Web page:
S&P 500, Dow, Nasdaq rise Friday but still down on week with inflation, Fed, earnings eyed

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Bear market hits Wall Street as stocks dive

Wall Street entered a bear market Monday as the S&P 500 sank 3.9%, bringing it more than 20% below the record high it set in January. (June 13)

AP

 Stocks rose in morning trading on Wall Street Friday following a report showing consumers are still spending, despite record high inflation.

The gains weren’t enough to pull major indexes out of the red for the week, following a series of worrisome reports that showed inflation remains hot.

The S&P 500 rose 1.4% as of 10:16 a.m. Eastern. The benchmark index is still down 1.5% for the week. The Dow Jones Industrial Average rose 527 points, or 1.7%, to 31,157 and the Nasdaq rose 1%.

Banks and healthcare companies made some of the biggest gains. UnitedHealth Group rose 4.3% after raising its profit forecast for the year following a strong earnings report. Citigroup rose 8.7% after reporting encouraging financial results. Wells Fargo’s adjusted earnings per share topped estimates but revenues missed.

Bond yields fell. The yield on the 10-year Treasury slipped to 2.94% from 2.96% late Thursday.

Inflation and the Fed are still in focus

Inflation and its impact on businesses and consumers remain a key focus for Wall Street. A government report showed that retail sales rose 1% in June from May, topping economists’ expectations even as prices for everything from food to clothing rose.

The upbeat retail sales report follows reports earlier this week showing that inflation remains extremely hot. It also presents a mixed picture for investors who are closely watching how the Federal Reserve fights rising inflation.

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The central bank has been raising interest rates in an effort to hit the brakes on economic growth, and curtail rising inflation. A strong retail sales report could mean that it will remain aggressive with its rate hikes. The Fed has already raised rates three times this year and traders expect another big increase at its meeting in two weeks.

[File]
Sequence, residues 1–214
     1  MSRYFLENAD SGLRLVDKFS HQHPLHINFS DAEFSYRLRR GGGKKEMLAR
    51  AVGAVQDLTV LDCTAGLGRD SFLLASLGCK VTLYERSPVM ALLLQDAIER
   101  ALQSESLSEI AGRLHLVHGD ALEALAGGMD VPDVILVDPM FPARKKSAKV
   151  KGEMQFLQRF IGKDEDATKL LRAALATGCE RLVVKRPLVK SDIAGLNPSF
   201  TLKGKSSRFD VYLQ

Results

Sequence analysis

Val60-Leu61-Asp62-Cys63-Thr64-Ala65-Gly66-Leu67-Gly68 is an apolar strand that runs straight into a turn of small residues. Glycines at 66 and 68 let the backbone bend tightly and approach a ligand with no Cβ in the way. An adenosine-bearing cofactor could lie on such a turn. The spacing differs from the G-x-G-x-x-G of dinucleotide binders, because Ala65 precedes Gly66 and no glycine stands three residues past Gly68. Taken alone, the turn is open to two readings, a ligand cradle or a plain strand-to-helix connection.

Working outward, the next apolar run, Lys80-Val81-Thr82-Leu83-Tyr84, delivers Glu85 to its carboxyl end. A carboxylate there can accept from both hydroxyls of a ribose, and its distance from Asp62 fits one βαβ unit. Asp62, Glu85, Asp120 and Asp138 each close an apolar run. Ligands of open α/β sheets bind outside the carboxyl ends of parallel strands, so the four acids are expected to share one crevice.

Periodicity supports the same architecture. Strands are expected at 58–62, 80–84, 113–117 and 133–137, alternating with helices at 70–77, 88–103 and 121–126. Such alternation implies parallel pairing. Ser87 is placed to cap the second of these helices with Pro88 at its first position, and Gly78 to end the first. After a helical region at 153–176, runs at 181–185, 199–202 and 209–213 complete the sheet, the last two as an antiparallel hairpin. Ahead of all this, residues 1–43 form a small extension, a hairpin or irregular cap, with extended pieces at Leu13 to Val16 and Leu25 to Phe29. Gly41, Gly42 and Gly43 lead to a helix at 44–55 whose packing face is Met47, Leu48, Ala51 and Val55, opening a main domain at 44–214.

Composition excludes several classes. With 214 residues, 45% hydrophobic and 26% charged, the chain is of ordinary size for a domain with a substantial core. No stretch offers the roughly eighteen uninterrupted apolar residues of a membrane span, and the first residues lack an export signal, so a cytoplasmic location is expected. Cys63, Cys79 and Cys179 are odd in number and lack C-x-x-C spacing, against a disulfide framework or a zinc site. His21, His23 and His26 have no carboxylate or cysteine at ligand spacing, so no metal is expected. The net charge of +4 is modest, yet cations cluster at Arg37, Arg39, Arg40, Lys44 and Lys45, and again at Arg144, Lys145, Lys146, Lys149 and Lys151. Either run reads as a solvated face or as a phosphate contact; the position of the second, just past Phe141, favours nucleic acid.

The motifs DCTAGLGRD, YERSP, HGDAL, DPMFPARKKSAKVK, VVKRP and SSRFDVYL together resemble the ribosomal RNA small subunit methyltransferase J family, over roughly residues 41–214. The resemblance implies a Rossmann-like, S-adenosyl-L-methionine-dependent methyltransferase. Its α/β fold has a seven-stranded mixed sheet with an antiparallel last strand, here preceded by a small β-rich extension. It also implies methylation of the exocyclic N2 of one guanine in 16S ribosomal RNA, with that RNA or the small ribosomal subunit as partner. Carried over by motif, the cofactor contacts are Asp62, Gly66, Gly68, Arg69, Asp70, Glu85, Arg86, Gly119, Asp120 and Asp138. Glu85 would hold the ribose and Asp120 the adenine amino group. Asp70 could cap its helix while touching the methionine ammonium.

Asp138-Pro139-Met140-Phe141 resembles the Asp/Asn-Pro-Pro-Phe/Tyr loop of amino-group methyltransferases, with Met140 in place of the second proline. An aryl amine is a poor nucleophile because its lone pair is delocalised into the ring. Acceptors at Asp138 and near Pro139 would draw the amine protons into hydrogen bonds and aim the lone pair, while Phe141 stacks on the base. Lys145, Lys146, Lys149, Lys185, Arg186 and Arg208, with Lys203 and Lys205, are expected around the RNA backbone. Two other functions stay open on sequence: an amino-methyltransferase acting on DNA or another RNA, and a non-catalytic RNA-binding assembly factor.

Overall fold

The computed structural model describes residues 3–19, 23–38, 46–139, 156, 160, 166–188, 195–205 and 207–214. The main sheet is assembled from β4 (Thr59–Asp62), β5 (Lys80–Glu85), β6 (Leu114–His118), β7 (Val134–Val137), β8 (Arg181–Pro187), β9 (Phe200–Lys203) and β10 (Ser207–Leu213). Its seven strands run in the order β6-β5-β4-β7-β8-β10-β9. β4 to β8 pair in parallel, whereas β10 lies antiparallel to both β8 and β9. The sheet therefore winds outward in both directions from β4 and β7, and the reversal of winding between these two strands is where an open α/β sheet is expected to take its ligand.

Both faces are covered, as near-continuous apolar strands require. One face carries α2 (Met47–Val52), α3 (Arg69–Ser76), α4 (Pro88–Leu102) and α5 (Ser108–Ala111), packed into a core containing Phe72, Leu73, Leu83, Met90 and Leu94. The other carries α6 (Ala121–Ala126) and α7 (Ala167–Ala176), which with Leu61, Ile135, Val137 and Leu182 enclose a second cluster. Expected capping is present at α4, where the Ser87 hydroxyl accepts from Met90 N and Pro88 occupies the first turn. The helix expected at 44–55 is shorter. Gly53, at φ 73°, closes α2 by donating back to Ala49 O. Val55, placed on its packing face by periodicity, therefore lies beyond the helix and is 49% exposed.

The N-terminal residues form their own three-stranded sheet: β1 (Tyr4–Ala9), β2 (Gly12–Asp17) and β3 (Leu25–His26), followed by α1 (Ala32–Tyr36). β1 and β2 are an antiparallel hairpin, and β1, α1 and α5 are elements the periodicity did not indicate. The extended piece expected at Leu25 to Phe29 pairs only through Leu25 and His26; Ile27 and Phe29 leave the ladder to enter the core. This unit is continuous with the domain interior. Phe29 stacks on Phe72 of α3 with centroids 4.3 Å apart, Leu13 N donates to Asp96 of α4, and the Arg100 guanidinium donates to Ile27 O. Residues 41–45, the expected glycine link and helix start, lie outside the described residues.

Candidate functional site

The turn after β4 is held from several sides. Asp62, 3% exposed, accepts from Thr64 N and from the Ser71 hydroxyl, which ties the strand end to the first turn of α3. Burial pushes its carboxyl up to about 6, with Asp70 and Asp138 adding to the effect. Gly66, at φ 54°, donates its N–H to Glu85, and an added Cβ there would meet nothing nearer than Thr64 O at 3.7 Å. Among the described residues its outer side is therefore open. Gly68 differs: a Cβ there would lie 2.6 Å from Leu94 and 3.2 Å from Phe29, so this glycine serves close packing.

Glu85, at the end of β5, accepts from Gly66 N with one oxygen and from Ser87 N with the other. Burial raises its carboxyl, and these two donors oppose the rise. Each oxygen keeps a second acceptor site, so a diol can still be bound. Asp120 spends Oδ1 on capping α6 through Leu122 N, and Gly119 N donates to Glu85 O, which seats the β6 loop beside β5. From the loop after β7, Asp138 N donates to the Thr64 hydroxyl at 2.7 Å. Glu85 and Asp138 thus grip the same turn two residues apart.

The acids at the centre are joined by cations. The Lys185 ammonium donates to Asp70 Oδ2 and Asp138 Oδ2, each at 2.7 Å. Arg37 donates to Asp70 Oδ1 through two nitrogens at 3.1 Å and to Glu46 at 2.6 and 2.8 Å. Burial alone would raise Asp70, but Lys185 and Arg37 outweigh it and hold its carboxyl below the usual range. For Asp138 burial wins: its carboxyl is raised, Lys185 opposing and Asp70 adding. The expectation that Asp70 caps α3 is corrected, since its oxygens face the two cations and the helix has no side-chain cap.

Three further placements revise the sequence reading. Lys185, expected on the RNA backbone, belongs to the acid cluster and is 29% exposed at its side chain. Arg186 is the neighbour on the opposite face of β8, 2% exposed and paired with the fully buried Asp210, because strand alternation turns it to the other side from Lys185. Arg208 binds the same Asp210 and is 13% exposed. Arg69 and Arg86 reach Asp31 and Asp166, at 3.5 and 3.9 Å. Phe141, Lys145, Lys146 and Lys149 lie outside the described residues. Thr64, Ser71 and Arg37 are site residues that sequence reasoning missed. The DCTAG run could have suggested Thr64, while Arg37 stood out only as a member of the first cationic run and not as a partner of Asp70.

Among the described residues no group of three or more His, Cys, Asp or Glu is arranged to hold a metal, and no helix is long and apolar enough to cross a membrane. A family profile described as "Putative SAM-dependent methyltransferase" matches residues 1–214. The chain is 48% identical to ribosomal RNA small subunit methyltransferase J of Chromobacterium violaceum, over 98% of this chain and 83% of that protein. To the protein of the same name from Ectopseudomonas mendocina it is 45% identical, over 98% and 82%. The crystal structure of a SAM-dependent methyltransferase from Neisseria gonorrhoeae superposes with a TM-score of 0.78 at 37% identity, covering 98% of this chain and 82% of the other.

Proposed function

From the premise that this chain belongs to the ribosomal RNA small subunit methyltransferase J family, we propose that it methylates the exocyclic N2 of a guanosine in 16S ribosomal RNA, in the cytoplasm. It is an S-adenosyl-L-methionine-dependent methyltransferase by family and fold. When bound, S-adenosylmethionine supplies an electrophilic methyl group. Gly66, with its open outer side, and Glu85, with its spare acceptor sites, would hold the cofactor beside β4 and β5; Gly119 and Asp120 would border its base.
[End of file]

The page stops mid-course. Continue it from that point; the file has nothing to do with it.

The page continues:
Wall Street is worried that the Fed could go too far in raising rates and actually bring on a recession. While upbeat economic data is encouraging, weaker reports could give the Fed more reason to ease up on rate hikes, potentially reducing the risk of pushing the economy into a recession.

China slowdown, corporate results

Overseas, stocks in Hong Kong and Shanghai fell following a report that showed the Chinese economy shrank by 2.6% compared with the January-March period’s already weak quarter-on-quarter rate of 1.4%. China locked down major cities earlier this year to try and contain COVID-19 cases and more outbreaks this week in China and elsewhere in Asia have raised worries that COVID-19 controls might be restored, on top of existing precautions.

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Investors have been reviewing the latest batch of corporate earnings to gain a clearer picture of inflation’s impact on businesses. Banks kicked things off with mixed results this week. Several big companies are on deck for next week, including Johnson & Johnson, Netflix, United Airlines and Twitter.